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Time passes faster on the moon. Now we know exactly by how much.: ScienceAlert

Time passes faster on the moon. Now we know exactly by how much.: ScienceAlert
Time passes faster on the moon. Now we know exactly by how much.: ScienceAlert

Since astronauts last left the lunar surface Time passed 52 years ago. Compared to us on Earth, the moon waited just a little longer for our return – about 1.1 seconds.

That doesn’t sound like much, nor does the 57 millionths (0.0000575) of a second by which the lunar time increases every day compared to that of our home planet.

But this crucial finding from a new study by NASA scientists could make all the difference in synchronizing navigation systems as the U.S. space agency launches its long-awaited manned missions to the moon and beyond.

We have known since Albert Einstein’s general theory of relativity that gravity can slow down time. But the practical possibilities for measuring temporal distortions associated with differences in gravity – such as the contrast between the gravitational pull of the Earth and that of the Moon – lag far behind.

It is only in the last decade or so that atomic clocks have been available that are sensitive enough to detect small time differences between two objects that are moving relative to each other or are subject to different gravitational forces.

And since there was a half-century gap between manned moon landings, scientists had no pressing need to figure out how these tiny time differences between Earth and our moon affected things. The moon has one-sixth of Earth’s gravity, but astronauts only stayed on it for short periods of time, so this wasn’t a big problem.

Now scientists have set a deadline: NASA wants to return astronauts to the moon by 2026 as part of its Artemis missions to begin exploring possible locations for lunar bases that could one day serve as a stepping stone to Mars.

“We expect a permanent presence on the moon,” Cheryl Gramling, a navigation system engineer at the Goddard Space Flight Center in Maryland, told New scientific magazine Jonathan O’Callaghan.

“Earth-based infrastructure like GPS provides time accuracy down to the nanosecond,” Gramling continued. “When you’re trying to navigate or land on the moon while avoiding dangerous areas, that precision is important.”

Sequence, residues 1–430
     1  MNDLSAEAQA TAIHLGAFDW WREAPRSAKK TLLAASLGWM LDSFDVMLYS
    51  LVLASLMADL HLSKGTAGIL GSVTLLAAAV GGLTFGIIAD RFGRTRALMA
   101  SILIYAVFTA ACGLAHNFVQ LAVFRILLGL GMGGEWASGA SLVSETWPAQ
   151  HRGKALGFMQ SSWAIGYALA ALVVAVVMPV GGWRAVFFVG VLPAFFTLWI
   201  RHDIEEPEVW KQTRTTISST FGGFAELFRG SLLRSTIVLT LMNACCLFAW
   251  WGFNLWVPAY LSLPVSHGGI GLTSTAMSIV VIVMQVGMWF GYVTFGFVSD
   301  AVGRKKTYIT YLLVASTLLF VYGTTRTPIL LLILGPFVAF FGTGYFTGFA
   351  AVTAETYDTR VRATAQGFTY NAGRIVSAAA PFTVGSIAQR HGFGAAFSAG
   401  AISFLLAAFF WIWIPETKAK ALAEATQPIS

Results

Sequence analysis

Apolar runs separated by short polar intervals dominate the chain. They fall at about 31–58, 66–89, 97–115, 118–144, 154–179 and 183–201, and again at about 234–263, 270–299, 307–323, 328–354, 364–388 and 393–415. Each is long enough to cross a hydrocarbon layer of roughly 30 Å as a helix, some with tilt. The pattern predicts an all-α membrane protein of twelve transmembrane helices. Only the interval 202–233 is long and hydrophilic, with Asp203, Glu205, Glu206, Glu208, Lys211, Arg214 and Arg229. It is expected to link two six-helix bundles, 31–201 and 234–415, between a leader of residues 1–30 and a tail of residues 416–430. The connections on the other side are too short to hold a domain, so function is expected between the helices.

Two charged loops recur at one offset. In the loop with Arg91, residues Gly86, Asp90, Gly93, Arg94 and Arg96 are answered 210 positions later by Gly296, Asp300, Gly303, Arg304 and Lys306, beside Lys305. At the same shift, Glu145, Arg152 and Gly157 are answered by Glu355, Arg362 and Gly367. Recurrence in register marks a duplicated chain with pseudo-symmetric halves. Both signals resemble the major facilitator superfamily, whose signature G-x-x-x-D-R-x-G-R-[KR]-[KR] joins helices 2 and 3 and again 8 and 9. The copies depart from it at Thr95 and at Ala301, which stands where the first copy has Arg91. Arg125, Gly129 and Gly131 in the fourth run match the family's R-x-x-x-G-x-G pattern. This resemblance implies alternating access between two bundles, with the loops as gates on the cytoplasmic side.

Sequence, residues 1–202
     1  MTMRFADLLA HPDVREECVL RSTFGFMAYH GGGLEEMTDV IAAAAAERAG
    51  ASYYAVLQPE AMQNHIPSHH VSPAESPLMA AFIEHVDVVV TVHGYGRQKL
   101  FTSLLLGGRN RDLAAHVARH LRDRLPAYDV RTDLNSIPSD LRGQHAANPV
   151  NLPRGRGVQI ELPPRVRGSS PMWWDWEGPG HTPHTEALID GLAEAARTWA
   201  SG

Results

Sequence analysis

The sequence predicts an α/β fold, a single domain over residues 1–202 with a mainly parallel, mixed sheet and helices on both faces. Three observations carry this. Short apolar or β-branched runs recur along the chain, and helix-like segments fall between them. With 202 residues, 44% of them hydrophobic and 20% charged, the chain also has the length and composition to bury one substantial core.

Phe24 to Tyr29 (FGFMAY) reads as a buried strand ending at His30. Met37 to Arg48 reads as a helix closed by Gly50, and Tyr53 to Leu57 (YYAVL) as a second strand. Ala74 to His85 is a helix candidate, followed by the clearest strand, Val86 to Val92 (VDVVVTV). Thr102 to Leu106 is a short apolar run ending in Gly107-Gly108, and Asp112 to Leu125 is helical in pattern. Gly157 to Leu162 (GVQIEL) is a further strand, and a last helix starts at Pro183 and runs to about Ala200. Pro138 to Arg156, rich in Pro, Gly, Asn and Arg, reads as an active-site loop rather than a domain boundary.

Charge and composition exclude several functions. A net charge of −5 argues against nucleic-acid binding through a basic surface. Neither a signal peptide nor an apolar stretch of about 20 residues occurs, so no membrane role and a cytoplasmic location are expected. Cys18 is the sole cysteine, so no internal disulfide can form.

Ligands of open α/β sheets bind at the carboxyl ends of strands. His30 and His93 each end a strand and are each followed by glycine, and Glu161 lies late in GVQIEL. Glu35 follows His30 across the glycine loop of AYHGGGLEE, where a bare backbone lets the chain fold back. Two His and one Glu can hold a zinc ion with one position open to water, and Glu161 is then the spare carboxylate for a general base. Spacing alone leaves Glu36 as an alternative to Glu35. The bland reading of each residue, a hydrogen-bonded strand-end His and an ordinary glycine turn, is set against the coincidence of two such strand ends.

Earlier this year, in April, NASA and other U.S. agencies were tasked with developing a unified time reference system for the Moon that other space agencies could agree on.

This new discovery helps in that regard and has been in the works for some time. Slava Turyshev, a physicist at NASA’s Jet Propulsion Laboratory who led the study, told O’Callaghan, “Someone had to sit down and do the calculation.”

Seen from Earth, the Moon appears to gain 57 millionths of a second per Earth day. Turyshev and his colleagues arrived at this figure by calculating the sliding time scale for the Earth and the Moon relative to the barycenter of the solar system. This is the common center of gravity of the solar system around which the Sun, planets and satellites orbit in a delicate balance.

Turyshev and his colleagues’ calculations are very close to the 56.02 microseconds determined in February by another team of researchers at the U.S. National Institute of Standards and Technology. But over such large distances, tiny fractions of a second matter, so there is still work to be done.

None of the results have been peer-reviewed, and the final definition of lunar time must be confirmed by a number of authorities and international bodies, such as the International Bureau of Weights and Measures and the International Astronomical Union, which plan to meet in August.

We also need to keep in mind how the rotation of our planet Earth is strangely slowing down, making our days a little longer – and how human exploitation of the Earth is changing its rotation.

The study was published in arXiv Preprint server before peer review.

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